Continue reading
  • China-linked Twisted Panda caught spying on Russian defense R&D
    Because Beijing isn't above covert ops to accomplish its five-year goals

    Chinese cyberspies targeted two Russian defense institutes and possibly another research facility in Belarus, according to Check Point Research.

    The new campaign, dubbed Twisted Panda, is part of a larger, state-sponsored espionage operation that has been ongoing for several months, if not nearly a year, according to the security shop.

    In a technical analysis, the researchers detail the various malicious stages and payloads of the campaign that used sanctions-related phishing emails to attack Russian entities, which are part of the state-owned defense conglomerate Rostec Corporation.

    Continue reading
  • FTC signals crackdown on ed-tech harvesting kid's data
    Trade watchdog, and President, reminds that COPPA can ban ya

    The US Federal Trade Commission on Thursday said it intends to take action against educational technology companies that unlawfully collect data from children using online educational services.

    In a policy statement, the agency said, "Children should not have to needlessly hand over their data and forfeit their privacy in order to do their schoolwork or participate in remote learning, especially given the wide and increasing adoption of ed tech tools."

    The agency says it will scrutinize educational service providers to ensure that they are meeting their legal obligations under COPPA, the Children's Online Privacy Protection Act.

    Continue reading
  • Mysterious firm seeks to buy majority stake in Arm China
    Chinese joint venture's ousted CEO tries to hang on - who will get control?

    The saga surrounding Arm's joint venture in China just took another intriguing turn: a mysterious firm named Lotcap Group claims it has signed a letter of intent to buy a 51 percent stake in Arm China from existing investors in the country.

    In a Chinese-language press release posted Wednesday, Lotcap said it has formed a subsidiary, Lotcap Fund, to buy a majority stake in the joint venture. However, reporting by one newspaper suggested that the investment firm still needs the approval of one significant investor to gain 51 percent control of Arm China.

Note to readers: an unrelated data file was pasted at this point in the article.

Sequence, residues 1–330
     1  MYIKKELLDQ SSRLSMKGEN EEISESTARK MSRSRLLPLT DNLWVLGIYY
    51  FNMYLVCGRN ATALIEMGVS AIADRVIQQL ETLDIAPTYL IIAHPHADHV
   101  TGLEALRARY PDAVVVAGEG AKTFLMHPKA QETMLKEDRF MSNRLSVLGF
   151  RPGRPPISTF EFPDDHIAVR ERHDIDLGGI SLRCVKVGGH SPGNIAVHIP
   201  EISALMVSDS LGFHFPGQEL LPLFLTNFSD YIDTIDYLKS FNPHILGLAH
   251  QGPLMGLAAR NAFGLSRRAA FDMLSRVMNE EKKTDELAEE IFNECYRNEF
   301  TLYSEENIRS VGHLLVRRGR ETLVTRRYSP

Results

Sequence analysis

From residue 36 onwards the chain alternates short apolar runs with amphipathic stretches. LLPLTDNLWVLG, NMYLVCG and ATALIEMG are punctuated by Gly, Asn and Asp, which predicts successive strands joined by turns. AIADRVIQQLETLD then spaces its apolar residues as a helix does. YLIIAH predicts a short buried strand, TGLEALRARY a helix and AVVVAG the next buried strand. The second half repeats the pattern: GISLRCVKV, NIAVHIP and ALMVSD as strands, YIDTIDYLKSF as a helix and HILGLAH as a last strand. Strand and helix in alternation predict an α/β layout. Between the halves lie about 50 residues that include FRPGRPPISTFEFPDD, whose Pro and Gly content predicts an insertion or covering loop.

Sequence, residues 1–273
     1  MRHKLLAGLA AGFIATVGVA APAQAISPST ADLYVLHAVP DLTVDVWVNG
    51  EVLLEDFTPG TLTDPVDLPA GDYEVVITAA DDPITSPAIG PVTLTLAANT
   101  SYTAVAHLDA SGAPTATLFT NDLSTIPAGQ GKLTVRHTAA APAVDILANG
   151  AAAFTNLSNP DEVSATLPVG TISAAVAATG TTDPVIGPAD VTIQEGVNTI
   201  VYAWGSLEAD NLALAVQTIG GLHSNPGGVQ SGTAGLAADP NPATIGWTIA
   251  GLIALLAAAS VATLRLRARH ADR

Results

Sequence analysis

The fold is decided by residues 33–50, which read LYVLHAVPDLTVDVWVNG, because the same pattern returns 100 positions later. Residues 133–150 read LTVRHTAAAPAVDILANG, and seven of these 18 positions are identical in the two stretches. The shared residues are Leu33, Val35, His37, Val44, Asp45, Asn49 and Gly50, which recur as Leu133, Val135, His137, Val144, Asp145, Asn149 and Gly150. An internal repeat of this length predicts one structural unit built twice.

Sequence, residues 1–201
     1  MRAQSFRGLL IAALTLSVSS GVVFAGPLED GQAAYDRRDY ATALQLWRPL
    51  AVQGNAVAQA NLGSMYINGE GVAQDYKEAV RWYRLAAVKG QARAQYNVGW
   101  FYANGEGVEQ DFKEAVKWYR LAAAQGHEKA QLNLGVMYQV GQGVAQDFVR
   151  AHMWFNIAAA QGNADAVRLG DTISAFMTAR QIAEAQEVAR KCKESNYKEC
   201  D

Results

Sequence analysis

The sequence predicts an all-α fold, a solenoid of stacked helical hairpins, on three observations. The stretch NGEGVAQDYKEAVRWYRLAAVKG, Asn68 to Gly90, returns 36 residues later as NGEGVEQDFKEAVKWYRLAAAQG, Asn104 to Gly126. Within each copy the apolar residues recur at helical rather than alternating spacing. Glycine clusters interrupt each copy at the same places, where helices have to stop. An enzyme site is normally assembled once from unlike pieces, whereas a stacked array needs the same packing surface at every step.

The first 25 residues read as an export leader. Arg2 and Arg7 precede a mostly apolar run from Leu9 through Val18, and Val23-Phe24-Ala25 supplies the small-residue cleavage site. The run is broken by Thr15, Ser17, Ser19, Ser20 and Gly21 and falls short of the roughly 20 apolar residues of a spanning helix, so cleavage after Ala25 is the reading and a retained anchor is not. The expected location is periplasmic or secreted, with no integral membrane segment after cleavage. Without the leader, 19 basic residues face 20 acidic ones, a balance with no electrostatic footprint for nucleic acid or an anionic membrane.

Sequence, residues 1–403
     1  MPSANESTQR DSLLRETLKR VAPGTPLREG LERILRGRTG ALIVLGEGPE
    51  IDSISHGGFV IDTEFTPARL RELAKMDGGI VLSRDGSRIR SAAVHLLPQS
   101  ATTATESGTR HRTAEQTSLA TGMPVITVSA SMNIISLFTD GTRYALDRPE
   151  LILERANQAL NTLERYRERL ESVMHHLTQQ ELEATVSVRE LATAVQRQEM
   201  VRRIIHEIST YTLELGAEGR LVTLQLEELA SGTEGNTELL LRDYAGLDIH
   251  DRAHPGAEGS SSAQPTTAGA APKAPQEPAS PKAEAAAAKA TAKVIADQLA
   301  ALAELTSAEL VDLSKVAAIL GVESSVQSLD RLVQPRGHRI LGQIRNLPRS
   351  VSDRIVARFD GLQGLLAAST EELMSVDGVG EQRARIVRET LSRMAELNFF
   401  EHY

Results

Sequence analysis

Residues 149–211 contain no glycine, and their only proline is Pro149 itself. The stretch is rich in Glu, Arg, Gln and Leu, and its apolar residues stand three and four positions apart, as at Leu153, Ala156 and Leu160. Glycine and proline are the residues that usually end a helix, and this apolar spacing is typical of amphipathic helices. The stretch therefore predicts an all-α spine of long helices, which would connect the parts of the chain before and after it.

The development comes a couple of weeks after Arm China said that its former CEO, Allen Wu, was refusing once again to step down from his position, despite the company's board voting in late April to replace Wu with two co-chief executives. SoftBank Group, which owns 49 percent of the Chinese venture, has been trying to unentangle Arm China from Wu as the Japanese tech investment giant plans for an initial public offering of the British parent company.

    Continue reading
  • SmartNICs power the cloud, are enterprise datacenters next?
    High pricing, lack of software make smartNICs a tough sell, despite offload potential

    SmartNICs have the potential to accelerate enterprise workloads, but don't expect to see them bring hyperscale-class efficiency to most datacenters anytime soon, ZK Research's Zeus Kerravala told The Register.

    SmartNICs are widely deployed in cloud and hyperscale datacenters as a means to offload input/output (I/O) intensive network, security, and storage operations from the CPU, freeing it up to run revenue generating tenant workloads. Some more advanced chips even offload the hypervisor to further separate the infrastructure management layer from the rest of the server.

    Despite relative success in the cloud and a flurry of innovation from the still-limited vendor SmartNIC ecosystem, including Mellanox (Nvidia), Intel, Marvell, and Xilinx (AMD), Kerravala argues that the use cases for enterprise datacenters are unlikely to resemble those of the major hyperscalers, at least in the near term.

    Continue reading

Biting the hand that feeds IT © 1998–2022